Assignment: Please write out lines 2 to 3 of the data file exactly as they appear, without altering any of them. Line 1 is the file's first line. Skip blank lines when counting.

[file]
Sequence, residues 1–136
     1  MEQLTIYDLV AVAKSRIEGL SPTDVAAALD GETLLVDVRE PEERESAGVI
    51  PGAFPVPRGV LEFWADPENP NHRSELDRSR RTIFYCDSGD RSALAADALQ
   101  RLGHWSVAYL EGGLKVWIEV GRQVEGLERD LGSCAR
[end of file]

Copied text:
     1  MEQLTIYDLV AVAKSRIEGL SPTDVAAALD GETLLVDVRE PEERESAGVI
    51  PGAFPVPRGV LEFWADPENP NHRSELDRSR RTIFYCDSGD RSALAADALQ